Bradley Merrill Thompson, Strategic Advisor with EBG Advisors and Member of the Firm at Epstein Becker Green, authored an article in The Journal of Robotics, Artificial Intelligence & Law, titled “Why a Data Scientist Needs a Lawyer to Correct Algorithmic Discrimination.”
Following is an excerpt (see below to download the full version in PDF format):
We all have heard the stories. A recruiting app that prefers men. Facial recognition software that cannot recognize Black women. Clinical decision support tools for evaluating kidney disease that often give doctors the wrong advice when the patient is Black. Triage software that puts White people ahead of Black and Brown people. The list is long and growing.
These are real harms to our friends and neighbors, costing them economic opportunities or causing physical injury in the case of health care. For organizations seeking to use artificial intelligence (AI)–powered tools, they also create potentially expensive legal liabilities and damage in the court of public opinion.
Local, state, and federal agencies are racing to implement regulations to address these issues. Regardless of the domain, a common thread in the current and proposed regulations is bias. Soon, the Department of Health and Human Services may require that users of algorithms in health care evaluate those algorithms for bias. New York City presently requires all AI-powered selection and hiring tools to be audited for bias, and several municipalities are currently considering similar regulations. In the European Union, big tech companies will have to conduct annual audits of their AI systems from 2024, and the upcoming AI Act will require audits of “high-risk” AI systems.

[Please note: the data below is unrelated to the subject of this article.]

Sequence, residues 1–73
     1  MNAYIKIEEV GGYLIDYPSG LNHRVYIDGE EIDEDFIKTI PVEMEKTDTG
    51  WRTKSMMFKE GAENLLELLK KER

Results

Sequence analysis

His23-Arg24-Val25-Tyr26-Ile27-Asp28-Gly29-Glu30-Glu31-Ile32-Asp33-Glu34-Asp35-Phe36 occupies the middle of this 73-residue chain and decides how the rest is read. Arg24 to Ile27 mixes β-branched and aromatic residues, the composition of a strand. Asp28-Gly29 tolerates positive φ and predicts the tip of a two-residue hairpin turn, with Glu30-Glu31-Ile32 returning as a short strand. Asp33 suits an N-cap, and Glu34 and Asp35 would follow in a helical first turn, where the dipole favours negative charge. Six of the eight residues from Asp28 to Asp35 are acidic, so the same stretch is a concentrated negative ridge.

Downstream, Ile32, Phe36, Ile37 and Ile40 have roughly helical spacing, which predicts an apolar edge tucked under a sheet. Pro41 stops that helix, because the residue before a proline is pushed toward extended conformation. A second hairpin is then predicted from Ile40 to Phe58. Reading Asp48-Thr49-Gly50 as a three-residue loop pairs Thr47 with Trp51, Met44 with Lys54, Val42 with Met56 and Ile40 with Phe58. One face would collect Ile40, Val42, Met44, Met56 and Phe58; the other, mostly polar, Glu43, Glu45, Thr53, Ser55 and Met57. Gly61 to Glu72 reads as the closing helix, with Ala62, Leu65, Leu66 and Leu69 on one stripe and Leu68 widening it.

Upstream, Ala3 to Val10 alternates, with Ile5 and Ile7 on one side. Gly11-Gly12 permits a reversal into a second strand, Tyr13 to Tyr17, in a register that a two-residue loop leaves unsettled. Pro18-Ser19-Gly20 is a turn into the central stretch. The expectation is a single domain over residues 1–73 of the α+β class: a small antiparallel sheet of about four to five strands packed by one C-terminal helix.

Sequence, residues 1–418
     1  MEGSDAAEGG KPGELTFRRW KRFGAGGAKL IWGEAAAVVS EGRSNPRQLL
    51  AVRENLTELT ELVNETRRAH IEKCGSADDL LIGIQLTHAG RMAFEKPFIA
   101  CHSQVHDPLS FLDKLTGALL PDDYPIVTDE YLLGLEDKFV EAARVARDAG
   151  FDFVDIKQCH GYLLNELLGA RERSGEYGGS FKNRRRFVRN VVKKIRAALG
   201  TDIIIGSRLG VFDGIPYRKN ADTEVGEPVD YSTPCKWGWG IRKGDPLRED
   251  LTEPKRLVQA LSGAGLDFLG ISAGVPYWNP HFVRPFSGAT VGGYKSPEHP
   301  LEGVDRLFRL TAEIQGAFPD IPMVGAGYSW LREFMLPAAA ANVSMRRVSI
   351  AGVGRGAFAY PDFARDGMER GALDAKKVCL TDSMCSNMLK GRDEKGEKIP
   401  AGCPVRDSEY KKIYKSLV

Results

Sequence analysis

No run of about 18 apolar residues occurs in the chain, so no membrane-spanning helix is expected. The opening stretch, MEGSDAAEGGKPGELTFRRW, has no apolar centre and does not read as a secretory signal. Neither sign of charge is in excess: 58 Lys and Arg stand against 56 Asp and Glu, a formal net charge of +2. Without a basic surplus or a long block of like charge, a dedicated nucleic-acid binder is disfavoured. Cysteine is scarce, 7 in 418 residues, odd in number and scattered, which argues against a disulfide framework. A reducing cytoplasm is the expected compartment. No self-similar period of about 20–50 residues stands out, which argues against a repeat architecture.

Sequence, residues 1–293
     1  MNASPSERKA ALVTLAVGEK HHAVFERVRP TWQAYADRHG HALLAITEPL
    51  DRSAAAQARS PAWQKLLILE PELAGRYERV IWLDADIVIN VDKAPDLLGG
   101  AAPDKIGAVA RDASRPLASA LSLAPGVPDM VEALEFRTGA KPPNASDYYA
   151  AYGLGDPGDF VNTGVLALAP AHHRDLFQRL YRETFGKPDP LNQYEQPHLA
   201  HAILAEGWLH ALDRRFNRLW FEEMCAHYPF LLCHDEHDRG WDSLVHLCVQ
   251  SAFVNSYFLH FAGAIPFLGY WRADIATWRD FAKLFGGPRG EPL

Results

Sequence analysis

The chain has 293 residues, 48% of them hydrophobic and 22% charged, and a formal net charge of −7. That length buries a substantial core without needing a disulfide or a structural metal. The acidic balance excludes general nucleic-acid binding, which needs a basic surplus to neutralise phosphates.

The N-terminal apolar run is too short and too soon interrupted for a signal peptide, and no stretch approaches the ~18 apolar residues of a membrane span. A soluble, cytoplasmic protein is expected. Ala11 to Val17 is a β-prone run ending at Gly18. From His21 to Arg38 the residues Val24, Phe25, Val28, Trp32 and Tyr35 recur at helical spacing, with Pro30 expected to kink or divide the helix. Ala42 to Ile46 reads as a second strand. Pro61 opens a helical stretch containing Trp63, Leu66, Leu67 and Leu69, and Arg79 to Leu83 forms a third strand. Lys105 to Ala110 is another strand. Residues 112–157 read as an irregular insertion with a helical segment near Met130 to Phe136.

But what exactly do the antidiscrimination laws require? While the law is often unclear, just picking age discrimination as one example, some attorneys would argue that:
- Age may be considered by an airline as “bona fide occupational qualification” for safety reasons.
- Age may not generally be considered by software companies when hiring new programmers.
- Age, in certain circumstances, may be considered affirmatively as part of a company’s comprehensive recruitment strategy to help older Americans get programming jobs where the software company can establish that its own hiring patterns disadvantaged older workers historically.
- Age may not be considered in scheduling access to radiological imaging.
- Age may be considered when deciding who should receive a particular transplanted organ.
- Age may not be considered when deciding who should go on a physically demanding business trip.
- Age might unconsciously be considered in promotions so long as there is no statistical evidence of disparate impact overall.
- Age may not be considered by a health insurance company in deciding whether to cover an expensive procedure.
- Age may, and really must, be considered when diagnosing macular degeneration.
- Age may not be considered in targeting advertising for certain credit services in social media.
- Age may be considered in targeting advertising for certain healthcare products in social media.
If your head hurts now, that is understandable.
Age, like sex, race, and dozens of other demographic factors, is a protected class in America that is supposed to be free from discrimination. But knowing that hardly provides sufficient guidance for the development of a wide range of algorithms that make, or advise on, decisions impacted by age.